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By James S. Langer
As readers of APS News know, I've been taking every opportunity to stress the growing responsibilities of the American Physical Society. Simply stated, physics no longer sells itself: not to politicians, to future physicists, nor to the public at large. The entire US physics community, APS members and nonmembers alike, depends on the APS to make the case for our field.
The APS has been remarkably effective in this role. Its statements and advice are taken seriously by political leaders and the media. This effectiveness depends primarily on our reputation for wisdom and objectivity, but it also depends on the size and vitality of the community we represent — i.e., our membership. Thus, membership in the APS is critical for maintaining the health of the physics community. I see a major problem emerging here. Our traditional mechanisms for maintaining the size and financial strength of the APS are changing just as dramatically as the political climate. And, unlike some other scientific societies the membership of the APS has not been growing in recent years.
Why do physicists join the APS? In the past, the answer was simple. We joined because we wanted to be part of and to support the larger physics community; and also because membership was essential to our professional careers. We needed ready access to the Physical Review, and we came to the regular APS meetings to exchange ideas and information. Today, however, neither of the latter motives is as compelling as they once seemed.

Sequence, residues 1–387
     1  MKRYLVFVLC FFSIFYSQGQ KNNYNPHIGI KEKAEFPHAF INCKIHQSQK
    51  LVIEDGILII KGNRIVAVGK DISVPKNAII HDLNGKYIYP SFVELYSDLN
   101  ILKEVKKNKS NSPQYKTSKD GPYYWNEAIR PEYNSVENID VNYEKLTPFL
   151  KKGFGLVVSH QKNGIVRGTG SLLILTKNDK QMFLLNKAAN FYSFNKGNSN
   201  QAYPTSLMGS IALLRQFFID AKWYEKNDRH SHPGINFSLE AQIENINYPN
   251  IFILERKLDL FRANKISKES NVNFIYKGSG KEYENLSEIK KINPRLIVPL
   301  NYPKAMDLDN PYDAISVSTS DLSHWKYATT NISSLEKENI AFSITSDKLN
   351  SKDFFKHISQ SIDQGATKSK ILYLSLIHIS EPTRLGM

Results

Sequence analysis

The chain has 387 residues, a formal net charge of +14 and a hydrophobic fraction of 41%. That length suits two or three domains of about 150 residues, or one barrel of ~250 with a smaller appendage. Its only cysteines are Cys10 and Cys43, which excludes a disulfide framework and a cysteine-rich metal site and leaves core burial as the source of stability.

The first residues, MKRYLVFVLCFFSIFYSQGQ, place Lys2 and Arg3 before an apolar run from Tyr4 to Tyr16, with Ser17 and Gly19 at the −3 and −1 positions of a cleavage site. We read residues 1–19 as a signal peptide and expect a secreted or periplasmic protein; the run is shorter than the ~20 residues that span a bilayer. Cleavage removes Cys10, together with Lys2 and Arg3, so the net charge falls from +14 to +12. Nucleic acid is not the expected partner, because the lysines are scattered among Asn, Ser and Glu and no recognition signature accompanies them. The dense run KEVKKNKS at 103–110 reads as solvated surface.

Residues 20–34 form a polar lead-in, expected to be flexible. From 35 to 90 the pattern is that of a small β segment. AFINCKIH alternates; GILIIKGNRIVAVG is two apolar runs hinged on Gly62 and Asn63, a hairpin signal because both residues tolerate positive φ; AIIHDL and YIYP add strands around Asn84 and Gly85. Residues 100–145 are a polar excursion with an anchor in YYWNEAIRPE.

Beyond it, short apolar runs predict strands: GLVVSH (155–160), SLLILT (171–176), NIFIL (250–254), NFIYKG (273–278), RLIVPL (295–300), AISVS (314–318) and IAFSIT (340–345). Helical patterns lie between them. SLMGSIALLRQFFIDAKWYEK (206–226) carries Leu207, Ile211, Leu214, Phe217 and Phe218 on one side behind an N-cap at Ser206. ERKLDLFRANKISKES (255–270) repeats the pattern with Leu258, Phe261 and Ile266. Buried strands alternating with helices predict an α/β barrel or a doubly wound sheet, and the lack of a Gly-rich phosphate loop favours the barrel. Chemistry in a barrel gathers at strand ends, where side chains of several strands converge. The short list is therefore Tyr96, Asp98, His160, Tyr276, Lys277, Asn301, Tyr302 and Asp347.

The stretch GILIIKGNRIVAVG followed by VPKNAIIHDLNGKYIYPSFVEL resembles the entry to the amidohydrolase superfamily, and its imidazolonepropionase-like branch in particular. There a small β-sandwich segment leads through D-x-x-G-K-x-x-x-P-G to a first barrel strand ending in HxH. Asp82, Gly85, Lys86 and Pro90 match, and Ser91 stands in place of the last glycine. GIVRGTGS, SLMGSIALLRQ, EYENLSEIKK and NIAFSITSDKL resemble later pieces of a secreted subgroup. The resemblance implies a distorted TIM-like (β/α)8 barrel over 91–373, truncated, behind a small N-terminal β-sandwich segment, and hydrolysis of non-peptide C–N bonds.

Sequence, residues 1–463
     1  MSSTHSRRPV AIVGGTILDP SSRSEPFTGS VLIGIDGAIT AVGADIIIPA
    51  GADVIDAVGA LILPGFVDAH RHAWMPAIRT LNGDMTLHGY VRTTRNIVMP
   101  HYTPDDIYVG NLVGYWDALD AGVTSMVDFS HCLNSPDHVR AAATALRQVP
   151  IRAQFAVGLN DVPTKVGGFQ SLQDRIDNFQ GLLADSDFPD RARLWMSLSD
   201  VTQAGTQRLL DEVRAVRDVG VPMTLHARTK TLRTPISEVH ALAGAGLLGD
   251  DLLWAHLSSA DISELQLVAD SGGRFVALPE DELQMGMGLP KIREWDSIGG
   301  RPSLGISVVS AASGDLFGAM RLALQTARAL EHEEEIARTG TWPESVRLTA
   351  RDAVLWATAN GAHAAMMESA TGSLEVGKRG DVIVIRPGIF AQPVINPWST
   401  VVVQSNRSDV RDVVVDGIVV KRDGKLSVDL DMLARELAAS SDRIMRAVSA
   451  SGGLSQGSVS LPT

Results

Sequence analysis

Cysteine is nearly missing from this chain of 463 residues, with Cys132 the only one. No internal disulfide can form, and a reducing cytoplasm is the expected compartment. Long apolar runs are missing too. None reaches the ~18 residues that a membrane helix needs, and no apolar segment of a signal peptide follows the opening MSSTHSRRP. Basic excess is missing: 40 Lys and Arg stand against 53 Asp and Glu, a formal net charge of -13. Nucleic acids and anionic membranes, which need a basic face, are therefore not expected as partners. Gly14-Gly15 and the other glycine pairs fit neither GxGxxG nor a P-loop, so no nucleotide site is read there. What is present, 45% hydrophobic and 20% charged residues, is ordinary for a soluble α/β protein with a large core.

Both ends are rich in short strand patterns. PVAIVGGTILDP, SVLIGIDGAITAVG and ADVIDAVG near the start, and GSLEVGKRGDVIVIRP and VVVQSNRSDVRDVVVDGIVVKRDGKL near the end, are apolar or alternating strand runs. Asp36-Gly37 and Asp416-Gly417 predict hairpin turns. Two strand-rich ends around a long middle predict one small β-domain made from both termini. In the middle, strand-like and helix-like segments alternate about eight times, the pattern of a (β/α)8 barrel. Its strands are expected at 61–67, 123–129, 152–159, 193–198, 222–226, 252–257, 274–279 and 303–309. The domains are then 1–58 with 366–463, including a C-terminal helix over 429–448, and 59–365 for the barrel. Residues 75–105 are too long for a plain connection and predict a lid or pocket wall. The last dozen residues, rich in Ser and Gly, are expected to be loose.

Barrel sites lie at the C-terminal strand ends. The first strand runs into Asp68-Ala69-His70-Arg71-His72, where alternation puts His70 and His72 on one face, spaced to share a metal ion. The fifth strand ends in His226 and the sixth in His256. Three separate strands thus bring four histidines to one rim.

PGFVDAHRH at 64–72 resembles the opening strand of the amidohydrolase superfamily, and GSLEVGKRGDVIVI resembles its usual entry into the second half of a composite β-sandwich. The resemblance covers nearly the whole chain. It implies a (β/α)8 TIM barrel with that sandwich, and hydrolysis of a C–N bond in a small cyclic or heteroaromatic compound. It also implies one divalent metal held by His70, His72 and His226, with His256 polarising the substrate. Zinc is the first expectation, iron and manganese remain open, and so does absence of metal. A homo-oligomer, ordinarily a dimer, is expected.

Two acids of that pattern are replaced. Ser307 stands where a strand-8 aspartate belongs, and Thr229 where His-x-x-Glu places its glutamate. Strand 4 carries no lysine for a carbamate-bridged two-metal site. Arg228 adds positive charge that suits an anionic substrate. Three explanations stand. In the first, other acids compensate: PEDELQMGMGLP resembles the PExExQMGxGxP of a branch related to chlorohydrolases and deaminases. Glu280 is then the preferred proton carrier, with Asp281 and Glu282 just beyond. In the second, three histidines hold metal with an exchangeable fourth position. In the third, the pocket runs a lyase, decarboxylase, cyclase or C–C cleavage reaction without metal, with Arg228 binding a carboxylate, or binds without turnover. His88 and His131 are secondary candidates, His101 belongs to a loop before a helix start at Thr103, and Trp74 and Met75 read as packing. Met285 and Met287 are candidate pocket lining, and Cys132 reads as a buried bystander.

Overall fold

The APS is by far the world's leading publisher of scholarly physics journals, and publishing remains one of its very most important responsibilities. However, individual subscriptions to the Physical Review no longer make sense for most of us. We count on our home institutions to buy "site licenses" that give us access, via our computers, to a huge database of scientific literature. Thus, access to the APS journals has been disconnected from membership in APS.
That leaves the APS meetings as our single most important membership benefit. There are other benefits, of course: free subscriptions to Physics Today, participation in APS educational and public outreach activities or in human rights advocacy. Our established purpose, however, is to "advance and diffuse the knowledge of physics," and our core competence is as a scientific society. Therefore, our core rationale for membership had better be science, not public affairs. If future generations of physicists join the APS primarily because they agree with our positions on issues of public policy, then we will be known primarily for those positions rather than for our scientific objectivity, and we will become less effective in both science and public outreach.
What's worrying me is that our meetings - our primary scientific membership activity - seem to be in serious trouble.